- Kingston slowly getting into the M.2??
- How its tested???
- AS SSD Benchmark
- ATTO Benchmark
- CrystalDisk Mark Benchmark
- Futuremark Benchmarks
- IO Testing
- Access Test
- Online Purchase Links
Disclosure: The A1000 NVMe M.2 is loaned by Kingston and returned after the review is completed.
Kingston and its SSDs…
This is the Kingston A1000 M.2 drive, its second M.2 NVMe SSD. This is a 2280 form factor PCIe Gen 3.0 240 GB NVMe M.2 SSD. For a flash drive based company, Kingston is rather reserved with the releases of NVMe drives in M.2 factors, unlike Samsung and other brands. Kingston has the KC1000 and that’s it! But KC1000 is labeled as Native NVMe while A1000 is labeled as entry-level PCIe NVMe.
There was a HyperX Predator M.2 kit but we’re yet to see something with a prancing horse and wings from a bald-eagle designed as a heatspreader. Silly as it may sound, but it is better than a piece of metal with thick blades that motherboard manufacturers provide. Remember when heatfins were thin and crispy on the motherboards? Good times!
About the A1000…
The controller and the NAND are on the single PCB side, usually should face upwards when installed on the motherboard, typically on this H370 Gaming 3 WiFi. This makes sense when motherboard makers are provided single sided sinks for its first slot usually. Also for slim design notebooks/ultrabooks or anything with an M.2 interface. You’d need it if you have something with no secondary storage.
|Form Factor||M.2 2280|
|Interface||PCIe NVMe™ Gen 3.0 x 2 lanes|
|Capacities||240GB, 480GB, 960GB|
|Random 4K read/write|
|Power Consumption||0.011748W idle|
0.458W (MAX) read
0.908W (MAX) write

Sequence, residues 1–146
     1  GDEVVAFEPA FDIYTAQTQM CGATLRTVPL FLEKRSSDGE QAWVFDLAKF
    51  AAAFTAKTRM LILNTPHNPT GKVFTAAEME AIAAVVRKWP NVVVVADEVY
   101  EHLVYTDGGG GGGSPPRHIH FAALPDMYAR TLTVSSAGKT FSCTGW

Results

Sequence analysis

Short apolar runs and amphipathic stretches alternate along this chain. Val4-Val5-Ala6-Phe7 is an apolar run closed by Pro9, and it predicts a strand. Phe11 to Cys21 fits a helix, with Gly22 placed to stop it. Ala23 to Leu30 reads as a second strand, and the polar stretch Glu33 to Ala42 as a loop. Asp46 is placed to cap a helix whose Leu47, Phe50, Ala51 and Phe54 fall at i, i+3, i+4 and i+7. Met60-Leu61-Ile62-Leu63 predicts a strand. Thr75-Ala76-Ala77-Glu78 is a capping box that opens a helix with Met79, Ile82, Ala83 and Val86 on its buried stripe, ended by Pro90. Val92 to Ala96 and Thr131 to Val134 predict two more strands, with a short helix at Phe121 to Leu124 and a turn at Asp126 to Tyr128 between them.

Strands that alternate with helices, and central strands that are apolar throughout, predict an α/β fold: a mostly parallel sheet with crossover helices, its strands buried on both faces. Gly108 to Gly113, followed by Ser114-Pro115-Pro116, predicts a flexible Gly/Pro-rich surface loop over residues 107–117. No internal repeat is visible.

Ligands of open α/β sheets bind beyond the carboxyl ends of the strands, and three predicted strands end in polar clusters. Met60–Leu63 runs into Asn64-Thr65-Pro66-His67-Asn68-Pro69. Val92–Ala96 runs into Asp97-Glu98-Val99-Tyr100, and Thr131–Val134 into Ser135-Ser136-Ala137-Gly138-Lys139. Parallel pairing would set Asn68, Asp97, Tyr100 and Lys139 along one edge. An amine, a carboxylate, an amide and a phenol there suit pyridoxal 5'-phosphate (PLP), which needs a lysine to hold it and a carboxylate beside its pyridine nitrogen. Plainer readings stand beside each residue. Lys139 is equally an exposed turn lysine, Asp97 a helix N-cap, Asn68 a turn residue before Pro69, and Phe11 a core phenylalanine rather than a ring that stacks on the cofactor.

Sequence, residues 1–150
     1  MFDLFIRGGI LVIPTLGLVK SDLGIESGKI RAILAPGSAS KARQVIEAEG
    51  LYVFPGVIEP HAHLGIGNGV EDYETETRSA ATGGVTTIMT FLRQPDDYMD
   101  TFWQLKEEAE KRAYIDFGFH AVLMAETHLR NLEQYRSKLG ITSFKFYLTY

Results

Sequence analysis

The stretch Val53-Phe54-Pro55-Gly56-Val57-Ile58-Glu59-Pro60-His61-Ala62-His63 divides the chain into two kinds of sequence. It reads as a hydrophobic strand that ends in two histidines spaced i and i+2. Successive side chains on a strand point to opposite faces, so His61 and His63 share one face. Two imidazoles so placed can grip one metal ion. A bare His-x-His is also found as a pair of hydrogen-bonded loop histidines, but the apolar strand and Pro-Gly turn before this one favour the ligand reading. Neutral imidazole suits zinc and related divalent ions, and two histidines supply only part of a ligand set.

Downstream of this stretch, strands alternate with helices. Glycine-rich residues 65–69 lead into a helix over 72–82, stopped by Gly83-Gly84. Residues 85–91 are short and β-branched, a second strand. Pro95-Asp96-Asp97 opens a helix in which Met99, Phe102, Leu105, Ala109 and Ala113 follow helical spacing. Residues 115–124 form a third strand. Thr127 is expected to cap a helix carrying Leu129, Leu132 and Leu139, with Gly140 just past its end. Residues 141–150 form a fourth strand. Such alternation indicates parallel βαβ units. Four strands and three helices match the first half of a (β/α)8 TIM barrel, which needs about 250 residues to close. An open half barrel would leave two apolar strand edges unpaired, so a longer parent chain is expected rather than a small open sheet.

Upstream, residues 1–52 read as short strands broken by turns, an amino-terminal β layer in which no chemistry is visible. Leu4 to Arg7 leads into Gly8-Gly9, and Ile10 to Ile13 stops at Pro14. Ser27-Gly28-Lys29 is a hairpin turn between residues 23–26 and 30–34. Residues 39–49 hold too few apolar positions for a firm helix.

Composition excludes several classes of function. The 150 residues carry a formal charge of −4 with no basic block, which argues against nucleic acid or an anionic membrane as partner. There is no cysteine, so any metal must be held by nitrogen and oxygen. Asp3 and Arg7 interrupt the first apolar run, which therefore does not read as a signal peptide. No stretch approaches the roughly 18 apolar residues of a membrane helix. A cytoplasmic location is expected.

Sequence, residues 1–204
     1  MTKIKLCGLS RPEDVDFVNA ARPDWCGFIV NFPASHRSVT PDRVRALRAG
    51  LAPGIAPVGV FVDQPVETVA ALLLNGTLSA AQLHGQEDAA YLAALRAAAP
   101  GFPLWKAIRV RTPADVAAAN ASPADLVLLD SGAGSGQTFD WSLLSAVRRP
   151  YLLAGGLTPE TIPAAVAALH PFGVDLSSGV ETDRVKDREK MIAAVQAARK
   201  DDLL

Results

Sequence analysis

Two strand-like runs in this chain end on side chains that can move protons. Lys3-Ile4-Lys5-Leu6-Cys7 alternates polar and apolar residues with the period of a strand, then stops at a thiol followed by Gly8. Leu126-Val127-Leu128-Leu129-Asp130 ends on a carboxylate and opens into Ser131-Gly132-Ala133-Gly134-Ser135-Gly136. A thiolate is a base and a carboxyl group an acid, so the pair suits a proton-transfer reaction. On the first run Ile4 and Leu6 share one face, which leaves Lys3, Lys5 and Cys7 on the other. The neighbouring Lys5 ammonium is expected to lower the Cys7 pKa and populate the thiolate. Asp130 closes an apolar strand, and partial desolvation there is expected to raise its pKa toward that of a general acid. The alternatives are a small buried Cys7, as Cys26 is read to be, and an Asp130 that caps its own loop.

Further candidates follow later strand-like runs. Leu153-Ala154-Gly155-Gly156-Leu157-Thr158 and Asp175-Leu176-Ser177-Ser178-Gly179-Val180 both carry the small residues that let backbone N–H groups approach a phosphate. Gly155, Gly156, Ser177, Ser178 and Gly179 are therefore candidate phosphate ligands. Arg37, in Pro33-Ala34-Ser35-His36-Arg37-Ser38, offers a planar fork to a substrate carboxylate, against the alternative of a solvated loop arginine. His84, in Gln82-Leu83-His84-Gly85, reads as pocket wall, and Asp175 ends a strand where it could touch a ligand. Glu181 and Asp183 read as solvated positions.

|Dimensions||80mm x 22mm x 3.5mm|
|Weight||240GB — 6.4g|
480GB — 7g
960GB — 7.6g
|Vibration Operating||2.17G peak (7–800Hz)|
|Vibration Non-operating||20G peak (10–2000Hz)|
|Life expectancy||1 million hours MTBF|
|Warranty/support||limited 5-year warranty with free|
|Total bytes written (TBW)|
The Kingston A1000 series capacity ranges between 240GB, 480 GB and 960GB variants. This is the 240GB variant. It carries a five-year warranty period which is very appreciated in storage drives. The total bytes written capacity starts with 150TB on the 240GB and doubles up for the 480GB and the 960GB. Operating temperature up to 85 degrees Celsius. This is important as M.2 SSDs are meant to be squeezed into tight spaces. Even in desktop motherboards where the first M.2 slot is overlapped by the graphics cards. Typical non-reference graphics cards are blower design so the heat from the graphics card will fall on it.
Packaging and Contents
The packaging is nothing to write home about. The A1000 comes in a straightforward pack. Kingston does provide an Acronis HD image key in the casing. All the details including the serial number are on the rear and on the drive’ label.
The Kingston A1000 advertises and uses a four-channel Phison E8 controller. Under the sticker, the NVMe drive has four of its labelled Kingston FH64B08UCT1-31 64 GB NAND, total to 256GB and a Nanya NT5CC128M16IP-DI cache. These NANDs are made on 15nm fabrication as a triple-level NAND.
The Kingston A1000 240GB M.2 SSD was flashed with the EBFK11.G firmware, but I’ve uploaded the newer R1311 firmware. Once formatted, the system indicates usable storage of 223.57 GB.
Labels and Temperature Observation
It does have a sticker on the NAND side of the PCB. That’s unfortunate since many motherboard manufacturers have top mount M.2 heatspreaders for its first slot. Companies like EK make heatspreaders, too. So with the label, the heatspreaders will not have full contact on the sub-components. Obviously, if you remove them it would void the warranty.
In idle, the Kingston A1000 detects its temperature at 41 degrees Celcius in a closed case setup with 28 degrees Ambient temperature. With AS SSD running side-by-side, the temperature shoots to 51 degrees Celsius and takes a slow climb. The operating temperature is 85 degrees C so its well within limits.